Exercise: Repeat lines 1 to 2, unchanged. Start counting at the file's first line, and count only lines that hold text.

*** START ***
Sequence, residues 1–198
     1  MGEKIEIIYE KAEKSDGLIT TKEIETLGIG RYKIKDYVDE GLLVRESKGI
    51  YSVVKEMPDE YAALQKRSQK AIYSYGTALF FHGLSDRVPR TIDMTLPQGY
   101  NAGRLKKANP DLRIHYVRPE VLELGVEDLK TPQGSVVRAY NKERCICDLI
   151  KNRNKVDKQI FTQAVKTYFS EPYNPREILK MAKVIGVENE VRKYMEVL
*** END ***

Sequence, residues 1–198
     1  MGEKIEIIYE KAEKSDGLIT TKEIETLGIG RYKIKDYVDE GLLVRESKGI